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New Media and Gaza: To Whom Should We Turn for Analysis?

Tuesday, December 30, 2008  |  posted by Hugh Hewitt
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The IDF has launched a YouTube channel covering its operations in Gaza.

This step recognizes that the battle in Gaza is also a battle for world opinion, and that Israel –and every other democratic state facing a terrorist threat– needs to provide accurate information about all operations in as timely and direct a fashion as operational security will allow. With Hamas enjoying the advantage of Arab television stations eager to broadcast pictures of the carnage, Israel needs to continue to convey the IDF’s attempt to minimize the death and injury to innocents.

Noah Pollack is reporting that YouTube is censoring the material, which is very troubling. How in the world is the world going to know what to believe when third parties attempt to referee competing claims via censorship?

The YouTube channel, even if uncensored, is still only raw data. Where to turn to for the sort of analysis that conveys how crucial this battle is, and how jumbled the alliances.

Jeffrey Goldberg writes:

I’ve been talking to friends of mine, former Palestinian Authority intelligence officials (ejected from power by the Hamas coup), and they tell me that not only are they rooting for the Israelis to decimate Hamas, but that Fatah has actually been assisting the Israelis with targeting information.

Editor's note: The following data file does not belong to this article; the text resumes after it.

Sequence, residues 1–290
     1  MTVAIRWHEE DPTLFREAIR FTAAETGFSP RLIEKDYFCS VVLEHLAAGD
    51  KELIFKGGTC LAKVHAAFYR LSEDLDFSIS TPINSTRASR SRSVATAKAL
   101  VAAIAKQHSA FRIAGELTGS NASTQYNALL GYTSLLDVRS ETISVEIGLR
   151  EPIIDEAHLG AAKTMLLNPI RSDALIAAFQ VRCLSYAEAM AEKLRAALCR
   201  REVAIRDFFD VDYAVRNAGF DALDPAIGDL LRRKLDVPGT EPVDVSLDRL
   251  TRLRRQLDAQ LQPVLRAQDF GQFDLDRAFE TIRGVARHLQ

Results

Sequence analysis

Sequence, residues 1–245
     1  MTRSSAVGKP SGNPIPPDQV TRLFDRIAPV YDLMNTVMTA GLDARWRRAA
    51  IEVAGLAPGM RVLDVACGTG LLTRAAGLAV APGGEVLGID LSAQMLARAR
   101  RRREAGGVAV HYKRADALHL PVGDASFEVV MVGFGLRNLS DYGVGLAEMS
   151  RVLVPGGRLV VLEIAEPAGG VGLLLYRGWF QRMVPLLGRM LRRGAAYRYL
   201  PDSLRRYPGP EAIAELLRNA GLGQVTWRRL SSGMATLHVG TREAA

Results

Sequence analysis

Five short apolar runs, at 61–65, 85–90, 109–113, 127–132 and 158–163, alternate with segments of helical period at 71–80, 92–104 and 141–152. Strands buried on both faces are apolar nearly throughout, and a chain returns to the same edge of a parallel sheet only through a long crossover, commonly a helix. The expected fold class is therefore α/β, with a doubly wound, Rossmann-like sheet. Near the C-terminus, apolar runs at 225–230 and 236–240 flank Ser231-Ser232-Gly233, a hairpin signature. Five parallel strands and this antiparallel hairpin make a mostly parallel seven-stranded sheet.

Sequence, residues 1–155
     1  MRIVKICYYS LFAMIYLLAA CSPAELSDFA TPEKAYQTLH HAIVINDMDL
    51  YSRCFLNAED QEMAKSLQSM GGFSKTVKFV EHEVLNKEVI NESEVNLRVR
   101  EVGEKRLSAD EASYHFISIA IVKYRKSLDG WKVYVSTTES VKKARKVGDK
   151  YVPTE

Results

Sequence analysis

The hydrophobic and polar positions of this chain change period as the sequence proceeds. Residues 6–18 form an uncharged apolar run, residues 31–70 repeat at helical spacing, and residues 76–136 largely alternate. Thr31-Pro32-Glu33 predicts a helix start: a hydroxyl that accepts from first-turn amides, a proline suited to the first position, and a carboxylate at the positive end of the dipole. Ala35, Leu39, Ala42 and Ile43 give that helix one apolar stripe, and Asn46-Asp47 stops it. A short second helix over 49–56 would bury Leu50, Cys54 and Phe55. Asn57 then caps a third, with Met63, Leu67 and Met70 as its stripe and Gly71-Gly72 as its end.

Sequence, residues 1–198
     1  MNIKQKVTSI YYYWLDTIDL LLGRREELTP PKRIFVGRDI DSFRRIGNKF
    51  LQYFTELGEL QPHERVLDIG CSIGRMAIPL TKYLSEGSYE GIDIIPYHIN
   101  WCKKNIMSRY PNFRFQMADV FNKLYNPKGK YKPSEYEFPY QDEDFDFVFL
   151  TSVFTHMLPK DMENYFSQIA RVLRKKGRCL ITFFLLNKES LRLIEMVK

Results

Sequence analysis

Egypt is certainly hoping to see Hamas uprooted from Gaza. Anyone who favors peace in the region via a negotiated settlement has to hope for the same thing. This is the hardest thing for many in MSM to grasp –Hamas is al Qaeda with better pr. The American coverage I have been reading and hearing is not conveying the nature of Hamas or the desire of many of Israel’s Arab neighbors and potential peace partners to see Hamas routed from Gaza.

I’ll try and line-up Goldberg for when I get back. I missed his January, 2008 book Prisoners, or I’d have already had him onto discuss and included the conversation in The War Against the West. I’ll also try to find Robin Wright, whose Shadows and Dreams spent a lot of time delineating the divides among the Arab world that work both to empower and isolate Hamas. If Israel’s objective is to destroy Hamas so as to empower the PLA to return to Gaza and reunite the land over which a negotiated settlement can proceed, journalists and analysts like Wright and Goldberg, Michael Totten and Bret Stephens, and Michael Oren and Yossi Klein Halevi will be as key as YouTube to explaining this to the American audience again confused by the strange alliances and brutal rules of the Middle East.
Prisoners: A Story of Friendship and Terror (Vintage)

The War Against the West

Dreams and Shadows: The Future of the Middle East

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